How to choose

    While a large selection brings down prices, consumers can be confused by slick packaging, clever brand names, and pushy mechanics. Some consumers are even unaware that asbestos replacement pads are still available. Unlike foods that have ingredient labels, brake pads have no content labeling. In fact, the formulas are highly guarded secrets and can vary even within a manufacturer's own line, depending on what type of vehicle the pads are intended for. Full-size pickups, for instance, may need more metal—for additional stopping power and reduced brake fade—than compact cars, which can use organic materials just as effectively.

    Most manufacturers offer a range of pads for each application, but consumers shouldn't be fooled into believing it's always a good-better-best choice. Nor will a family be safer with the most expensive replacement pad. The standard pad, if certified (see below), should meet the demands of normal driving. Upgraded pads for normal driving will likely be noisier, produce more dust, and possibly respond with a harder pedal feel. But if you tow, carry heavy loads or numerous passengers often, live in hilly or mountainous areas, or have a daily commute down a steep grade, you should consider an upgraded or severe-duty pad.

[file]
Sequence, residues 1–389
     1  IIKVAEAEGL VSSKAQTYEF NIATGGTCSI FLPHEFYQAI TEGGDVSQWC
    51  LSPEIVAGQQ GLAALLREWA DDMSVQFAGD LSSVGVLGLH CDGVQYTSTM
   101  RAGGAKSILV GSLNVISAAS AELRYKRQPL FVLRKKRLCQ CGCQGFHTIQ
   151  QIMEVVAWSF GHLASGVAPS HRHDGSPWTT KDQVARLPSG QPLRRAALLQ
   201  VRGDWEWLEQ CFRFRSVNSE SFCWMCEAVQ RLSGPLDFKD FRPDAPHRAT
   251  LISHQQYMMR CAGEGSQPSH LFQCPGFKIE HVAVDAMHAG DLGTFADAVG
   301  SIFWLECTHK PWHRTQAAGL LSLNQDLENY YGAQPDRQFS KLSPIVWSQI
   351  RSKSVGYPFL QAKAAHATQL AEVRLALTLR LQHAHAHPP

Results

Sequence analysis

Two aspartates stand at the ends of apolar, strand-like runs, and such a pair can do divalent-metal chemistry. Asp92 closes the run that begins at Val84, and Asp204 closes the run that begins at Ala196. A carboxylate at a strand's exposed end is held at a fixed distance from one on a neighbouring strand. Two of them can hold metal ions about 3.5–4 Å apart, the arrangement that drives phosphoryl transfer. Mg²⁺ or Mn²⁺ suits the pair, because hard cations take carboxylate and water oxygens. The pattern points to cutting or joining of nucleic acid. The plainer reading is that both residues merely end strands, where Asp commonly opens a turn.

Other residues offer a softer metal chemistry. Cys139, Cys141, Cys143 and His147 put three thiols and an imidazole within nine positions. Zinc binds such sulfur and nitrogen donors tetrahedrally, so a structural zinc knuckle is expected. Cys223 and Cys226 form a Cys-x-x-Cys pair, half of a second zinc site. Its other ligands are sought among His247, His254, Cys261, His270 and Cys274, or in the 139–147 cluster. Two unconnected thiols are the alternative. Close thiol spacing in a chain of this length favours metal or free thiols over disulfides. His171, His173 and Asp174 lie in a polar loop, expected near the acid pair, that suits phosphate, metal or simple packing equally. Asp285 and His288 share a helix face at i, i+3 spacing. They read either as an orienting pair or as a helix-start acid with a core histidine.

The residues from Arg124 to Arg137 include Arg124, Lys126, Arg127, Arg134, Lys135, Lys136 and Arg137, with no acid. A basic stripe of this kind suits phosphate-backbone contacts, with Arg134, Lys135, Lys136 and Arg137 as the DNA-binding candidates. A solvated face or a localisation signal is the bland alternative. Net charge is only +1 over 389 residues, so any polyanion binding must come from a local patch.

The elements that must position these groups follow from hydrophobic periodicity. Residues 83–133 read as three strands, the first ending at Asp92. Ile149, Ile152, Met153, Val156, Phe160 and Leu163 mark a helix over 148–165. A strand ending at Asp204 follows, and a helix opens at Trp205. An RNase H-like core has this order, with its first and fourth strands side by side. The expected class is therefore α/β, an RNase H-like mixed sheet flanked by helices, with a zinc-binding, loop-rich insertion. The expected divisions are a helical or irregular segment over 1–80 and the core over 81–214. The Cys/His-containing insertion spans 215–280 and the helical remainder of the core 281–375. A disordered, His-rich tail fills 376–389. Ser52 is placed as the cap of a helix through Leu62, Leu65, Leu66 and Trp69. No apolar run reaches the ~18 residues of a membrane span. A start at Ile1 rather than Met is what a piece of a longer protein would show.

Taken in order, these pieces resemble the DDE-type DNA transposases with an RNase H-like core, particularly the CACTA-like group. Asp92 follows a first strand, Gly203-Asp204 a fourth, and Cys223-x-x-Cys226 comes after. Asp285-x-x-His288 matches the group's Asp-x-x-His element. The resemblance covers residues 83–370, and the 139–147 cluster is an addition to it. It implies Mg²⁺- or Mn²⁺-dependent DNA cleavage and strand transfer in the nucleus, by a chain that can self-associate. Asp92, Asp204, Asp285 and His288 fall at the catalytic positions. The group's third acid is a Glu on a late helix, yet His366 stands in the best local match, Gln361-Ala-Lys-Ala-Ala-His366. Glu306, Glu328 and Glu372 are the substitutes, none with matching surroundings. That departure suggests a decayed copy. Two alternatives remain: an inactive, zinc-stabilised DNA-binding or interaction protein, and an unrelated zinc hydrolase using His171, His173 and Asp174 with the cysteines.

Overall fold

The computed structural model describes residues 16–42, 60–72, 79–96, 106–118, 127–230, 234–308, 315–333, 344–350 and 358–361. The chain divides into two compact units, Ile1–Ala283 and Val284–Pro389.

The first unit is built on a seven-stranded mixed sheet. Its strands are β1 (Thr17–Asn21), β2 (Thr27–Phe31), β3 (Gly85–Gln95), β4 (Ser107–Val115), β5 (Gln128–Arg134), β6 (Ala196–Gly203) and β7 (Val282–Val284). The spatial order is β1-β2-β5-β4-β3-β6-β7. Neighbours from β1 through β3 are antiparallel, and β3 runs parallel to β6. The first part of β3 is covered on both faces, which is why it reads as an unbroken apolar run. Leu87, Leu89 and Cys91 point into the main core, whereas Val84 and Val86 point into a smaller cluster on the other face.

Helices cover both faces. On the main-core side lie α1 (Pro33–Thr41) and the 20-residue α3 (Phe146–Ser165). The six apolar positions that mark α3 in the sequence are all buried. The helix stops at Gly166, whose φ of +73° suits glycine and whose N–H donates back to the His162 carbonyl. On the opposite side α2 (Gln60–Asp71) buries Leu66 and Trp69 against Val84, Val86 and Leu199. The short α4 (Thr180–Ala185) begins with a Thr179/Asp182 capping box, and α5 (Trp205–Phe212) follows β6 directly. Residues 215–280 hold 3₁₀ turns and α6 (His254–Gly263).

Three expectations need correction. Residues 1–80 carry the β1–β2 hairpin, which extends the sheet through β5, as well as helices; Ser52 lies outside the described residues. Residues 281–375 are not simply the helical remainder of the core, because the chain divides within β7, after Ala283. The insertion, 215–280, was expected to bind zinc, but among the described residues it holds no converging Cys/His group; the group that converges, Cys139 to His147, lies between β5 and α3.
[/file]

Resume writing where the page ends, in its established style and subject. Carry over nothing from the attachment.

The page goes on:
What's the price difference? We looked at the line of pads from one major company for a late-model Chevrolet Tahoe. The standard pad retailed for $68 per set (enough to cover two wheels) followed by an upgraded version at $87 and a severe-duty set at $98. Ceramic pads are more expensive ($120 for the Tahoe), but the advantages may be worth the extra money to many, especially those with custom wheels. Ceramic pads will help solve noise and dust problems as well as offer excellent stopping performance and comfortable pedal feel.
    Look for a certified label